Celiac.com 10/02/2014 - Most people have heard about kidney stones, or gall stones, due to calcium build up. Others may know that calcium deposits can affect the heart, and even the brain. However, until now, it was not known that, in certain cases, celiac disease can trigger calcification in the brain.
The man had been treated for migraine headaches over a period of 10 years, with little response. Standard blood tests showed a mildly decreased folate level (2.2 ng per milliliter [5.0 nmol per liter]; compared to a reference range of 3.1 to 17.5 ng per milliliter [7.0 to 39.0 nmol per liter]). A computed tomographic scan of his brain showed bilateral occipital calcification, or ‘brain stones.’ Laboratory testing showed normal cerebrospinal fluid and elevated levels of serum IgA antitransglutaminase antibodies (45 U per milliliter).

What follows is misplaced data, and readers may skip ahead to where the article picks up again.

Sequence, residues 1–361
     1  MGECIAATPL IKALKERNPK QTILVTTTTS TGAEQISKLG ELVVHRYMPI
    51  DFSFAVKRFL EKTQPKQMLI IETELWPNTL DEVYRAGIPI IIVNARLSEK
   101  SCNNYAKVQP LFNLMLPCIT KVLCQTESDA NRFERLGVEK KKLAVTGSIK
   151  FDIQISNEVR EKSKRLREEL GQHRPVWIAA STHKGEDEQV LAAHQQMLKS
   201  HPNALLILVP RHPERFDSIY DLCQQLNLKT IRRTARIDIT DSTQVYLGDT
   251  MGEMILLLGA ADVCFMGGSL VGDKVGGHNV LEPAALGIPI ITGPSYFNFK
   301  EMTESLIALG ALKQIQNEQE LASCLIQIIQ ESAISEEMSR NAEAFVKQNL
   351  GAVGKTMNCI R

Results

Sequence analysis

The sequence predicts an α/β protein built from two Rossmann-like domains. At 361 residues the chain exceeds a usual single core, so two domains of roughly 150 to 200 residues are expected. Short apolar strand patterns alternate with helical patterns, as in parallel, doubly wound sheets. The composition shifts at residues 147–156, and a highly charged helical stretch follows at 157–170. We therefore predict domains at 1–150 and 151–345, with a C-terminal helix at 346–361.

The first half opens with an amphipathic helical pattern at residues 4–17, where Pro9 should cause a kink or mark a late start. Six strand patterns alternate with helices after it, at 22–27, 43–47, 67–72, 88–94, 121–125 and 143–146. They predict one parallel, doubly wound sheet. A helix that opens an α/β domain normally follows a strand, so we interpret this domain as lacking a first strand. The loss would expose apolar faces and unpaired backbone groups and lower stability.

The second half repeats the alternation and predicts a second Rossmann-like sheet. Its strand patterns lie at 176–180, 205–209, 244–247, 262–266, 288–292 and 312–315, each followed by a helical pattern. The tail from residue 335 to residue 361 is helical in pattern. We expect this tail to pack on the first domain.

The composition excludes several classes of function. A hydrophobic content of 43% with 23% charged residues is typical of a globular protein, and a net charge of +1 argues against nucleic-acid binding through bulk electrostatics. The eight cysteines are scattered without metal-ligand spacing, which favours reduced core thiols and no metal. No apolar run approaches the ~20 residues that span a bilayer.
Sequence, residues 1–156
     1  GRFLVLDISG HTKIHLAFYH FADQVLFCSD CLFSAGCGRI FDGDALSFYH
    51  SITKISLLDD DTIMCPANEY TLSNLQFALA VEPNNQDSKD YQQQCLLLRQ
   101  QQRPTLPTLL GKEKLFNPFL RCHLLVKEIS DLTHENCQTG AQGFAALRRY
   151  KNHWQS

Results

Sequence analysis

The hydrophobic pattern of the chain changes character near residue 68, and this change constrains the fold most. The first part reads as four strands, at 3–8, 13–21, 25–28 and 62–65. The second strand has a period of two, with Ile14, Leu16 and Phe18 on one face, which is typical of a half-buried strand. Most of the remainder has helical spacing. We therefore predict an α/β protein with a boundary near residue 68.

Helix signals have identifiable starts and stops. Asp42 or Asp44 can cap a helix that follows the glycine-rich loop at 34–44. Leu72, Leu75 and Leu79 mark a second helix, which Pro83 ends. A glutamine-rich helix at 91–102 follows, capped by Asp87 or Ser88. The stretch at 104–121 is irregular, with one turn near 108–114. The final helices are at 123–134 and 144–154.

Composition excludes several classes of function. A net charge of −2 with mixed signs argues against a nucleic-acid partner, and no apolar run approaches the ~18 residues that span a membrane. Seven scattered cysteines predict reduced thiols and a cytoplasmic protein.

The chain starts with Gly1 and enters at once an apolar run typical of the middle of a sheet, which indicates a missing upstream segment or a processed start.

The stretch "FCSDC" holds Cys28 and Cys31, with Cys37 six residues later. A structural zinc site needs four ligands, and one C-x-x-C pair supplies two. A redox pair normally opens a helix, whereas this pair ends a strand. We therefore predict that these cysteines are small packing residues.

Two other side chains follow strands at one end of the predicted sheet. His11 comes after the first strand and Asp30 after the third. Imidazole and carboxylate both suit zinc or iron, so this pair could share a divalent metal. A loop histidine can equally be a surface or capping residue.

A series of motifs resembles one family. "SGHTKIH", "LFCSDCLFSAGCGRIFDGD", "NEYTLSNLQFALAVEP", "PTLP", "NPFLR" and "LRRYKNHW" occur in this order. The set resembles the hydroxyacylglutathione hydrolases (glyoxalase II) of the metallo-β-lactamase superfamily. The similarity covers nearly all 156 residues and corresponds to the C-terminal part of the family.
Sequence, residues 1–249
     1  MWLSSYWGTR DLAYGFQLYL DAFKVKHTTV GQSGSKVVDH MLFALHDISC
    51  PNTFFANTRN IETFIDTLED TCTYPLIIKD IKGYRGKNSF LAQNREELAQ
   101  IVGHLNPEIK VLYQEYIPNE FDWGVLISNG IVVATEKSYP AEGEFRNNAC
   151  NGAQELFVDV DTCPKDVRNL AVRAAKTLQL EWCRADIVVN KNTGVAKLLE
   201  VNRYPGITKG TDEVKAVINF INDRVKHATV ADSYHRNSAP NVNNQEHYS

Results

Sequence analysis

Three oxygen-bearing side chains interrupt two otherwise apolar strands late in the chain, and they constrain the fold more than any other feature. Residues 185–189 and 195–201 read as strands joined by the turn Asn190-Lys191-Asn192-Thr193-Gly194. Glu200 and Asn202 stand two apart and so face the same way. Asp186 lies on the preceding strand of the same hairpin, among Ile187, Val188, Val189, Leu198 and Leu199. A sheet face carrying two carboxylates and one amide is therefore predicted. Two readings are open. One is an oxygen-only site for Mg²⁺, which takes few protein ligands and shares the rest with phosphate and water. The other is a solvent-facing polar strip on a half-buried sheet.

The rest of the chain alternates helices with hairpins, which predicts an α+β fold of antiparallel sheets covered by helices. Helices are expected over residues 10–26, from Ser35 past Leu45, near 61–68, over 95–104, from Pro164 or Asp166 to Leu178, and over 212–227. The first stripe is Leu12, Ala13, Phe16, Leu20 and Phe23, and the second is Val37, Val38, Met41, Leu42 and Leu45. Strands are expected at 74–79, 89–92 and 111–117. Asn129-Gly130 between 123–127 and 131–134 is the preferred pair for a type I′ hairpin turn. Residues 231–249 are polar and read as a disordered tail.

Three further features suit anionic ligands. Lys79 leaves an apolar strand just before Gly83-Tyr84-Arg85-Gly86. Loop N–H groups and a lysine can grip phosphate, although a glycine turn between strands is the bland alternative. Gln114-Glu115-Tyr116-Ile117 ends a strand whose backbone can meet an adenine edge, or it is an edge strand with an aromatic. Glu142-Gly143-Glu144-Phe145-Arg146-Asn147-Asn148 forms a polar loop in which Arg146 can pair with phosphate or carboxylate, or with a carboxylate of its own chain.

The man received an endoscopy, and his jejunal-biopsy specimen showed crypt hyperplasia, villous atrophy of the jejunal mucosa, and an increased number of intraepithelial lymphocytes; all classic indications of celiac disease. Doctors started treatment with a gluten-free diet, folic acid supplementation, and carbamazepine, and the patient's symptoms disappeared and his condition improved.
In this case, there was no indication that the man suffered from epilepsy. The likely culprit is folate malabsorption, because cerebral calcification has been seen in other conditions related to folate deficiency, such as treatment with methotrexate, congenital folate malabsorption, and the Sturge–Weber syndrome.
So, physicians treating celiac patients with low folate levels may want to keep an eye out for any indications of cerebral calcification, and to make sure that patients receive appropriate supplemental folate.